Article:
China: Park Life, Chengdu

Chengdu, We’ve Arrived!

“Dǎdì! Dǎdì! Dǎdì! Dǎdì!”

(打的! 打的! 打的! 打的!)

Repeatedly shouted at, around, and across me throughout my first twenty minutes in Chengdu.

Standing in the 11PM pitch black outside the Chengdu train station, I’m assailed by a mob of cheery, but intimidating, taxi drivers. I’ve never heard this expression for calling a taxi, and am suitably baffled to near tears at the awkwardness of not understanding these two syllables, and, probably more pressing, the pressure to stay awake after nearly twenty hours worth of Chinese long-distance slow train.

Moments in which I wish I wasn’t a tourist.

Needless to say, a quick call to our lovely proprietor at Mr. Panda Hostel, we get English instructions, a laughing translation, and arrive in less than 15mins in a warm, softly-lit hostel reception.
Top Marks.

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Shake It!

The next morning we hit the local park.

I, personally, love seeing and (sometimes under pressure) doing what the locals do in their day-to-day lives – even if its just strolling in the park, taking the wild rickety buses across town, or getting hawked at at the local food markets.

In a large clearing of a park in Chengdu, the local geriatrics congregate for jazz dancing, couples dancing, line dancing and fashion catwalks in the afternoons. They’re mostly pensioners with not much else to do; their sons and daughters work and their grandchildren have school. So they meet in this small open square and enjoy each other’s company with just a strip of worn red carpet to serve as a catwalk, a garage junk-jumble collection of instruments, and a fuzzy (but loud) PA system.

Boy do they shake it, though.

This man can do things with his belly I never thought possible…

“The Old Man Dancing (Vigorously)”

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We have a cheeky go at line dancing (although I admit it took a shed-load of convincing to show the elderly population of complete lack of co-ordination), but with Jakob showing off his dance moves and charming up the local grandchildren, how could I refuse?

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The Dating Classifieds, Chinese-style.

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Outdoor in Chengdu central park there’s lots going on, and finding a life partner is one of the activities.

We walk around the (intently) milling crowds of 40+ classified readers, who feign nonchalance as they scan the simple paper profiles pegged to make-shift display racks of cheap string. The matchmakers give some good promotional chats and I cheekily listen in to their happy conversation; it’s a communal get-together of mild flirting, show-casing and giggling, jet-permed ladies hide behind shades as they walk in pairs between many Chinese men.

It’s a great way to find love.
I think I’d prefer this to match.com…

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[A Musical Interlude]

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In the afternoon sun, a stroll around the maze of pagodas reveals groups of elderly musicians with an amazing variety of instruments – including the Erhu, the Chinese answer to the violin.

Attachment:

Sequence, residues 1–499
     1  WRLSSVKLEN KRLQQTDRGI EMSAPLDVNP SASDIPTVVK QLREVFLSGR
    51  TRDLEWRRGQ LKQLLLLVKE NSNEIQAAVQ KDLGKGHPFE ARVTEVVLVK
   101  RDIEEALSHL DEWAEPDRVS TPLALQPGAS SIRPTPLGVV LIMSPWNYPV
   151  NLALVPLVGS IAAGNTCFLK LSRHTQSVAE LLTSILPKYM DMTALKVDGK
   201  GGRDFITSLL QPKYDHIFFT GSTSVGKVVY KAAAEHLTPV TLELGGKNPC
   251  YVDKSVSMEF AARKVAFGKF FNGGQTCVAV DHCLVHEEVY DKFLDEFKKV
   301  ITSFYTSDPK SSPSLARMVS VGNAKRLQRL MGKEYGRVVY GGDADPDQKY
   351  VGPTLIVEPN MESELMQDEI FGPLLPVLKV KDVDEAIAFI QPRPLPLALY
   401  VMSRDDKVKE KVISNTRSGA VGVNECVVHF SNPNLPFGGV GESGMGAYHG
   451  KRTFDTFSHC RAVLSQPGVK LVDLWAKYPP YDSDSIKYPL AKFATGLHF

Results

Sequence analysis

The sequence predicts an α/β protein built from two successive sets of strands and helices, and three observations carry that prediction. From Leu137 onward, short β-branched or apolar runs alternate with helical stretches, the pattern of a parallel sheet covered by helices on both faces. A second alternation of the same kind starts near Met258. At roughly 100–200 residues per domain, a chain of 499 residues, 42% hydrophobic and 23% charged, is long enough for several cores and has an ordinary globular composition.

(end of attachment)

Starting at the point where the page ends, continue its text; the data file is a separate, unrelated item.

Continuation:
I’ve wanted to do this all my life, and I work up to courage to approach a group of old men playing Erhu under the quiet shade of the dark wooden pagodas; a terrifying feat.

This quiet gentleman lent me his, and told me a little about his daughter in the UK. I was a little too embarrassed to try in front of them all, but it was incredible.

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Park Trip Checklists:

  • Find two or more couples getting wedding photography
    (+10 points for cosplay photography)
  • Achieve terrified laughter from the local children, minus points for crying
  • Do all the activities signposted for children
  • Do all the activities signposted for the elderly
  • Join in on the local classes: painting, dancing, and ESPECIALLY the asian-special: stained glass picture making
  • Get a boat trip on the lakes and chase the locals
  • Try all the sticky sweets and lollies on sale
  • Go home and nap before dinner

What a pleasant day’s touristing!

To top it all off, our park day ends with a goodby from this happy lad with his Spongebob Squarepants (海绵宝宝 ) Balloon.

Over and out from Chengdu!

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Original post on

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Chengdu:
Taxis
Dancing
Dating
[A Musical Interlude]
Spongebob Squarepants

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Beijing, TUESC: Camp Life

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So between the rainbow array of t-shirts, thousands of asian students, hundreds of volunteers and wormhole vortex of identical corridors in the teaching building, the first week of teaching can get a little hectic. So here’s a quick run down of the teaching day as I grapple with painstakingly attempting to remember my students, fellow volunteers and amidst it all – my own name.

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Class Time!

In Province G of T-S-I-N-G-H-U-A, I teach (in a white t-shirt) the level Blue class (a sea of blue shirts).
IE. The best class.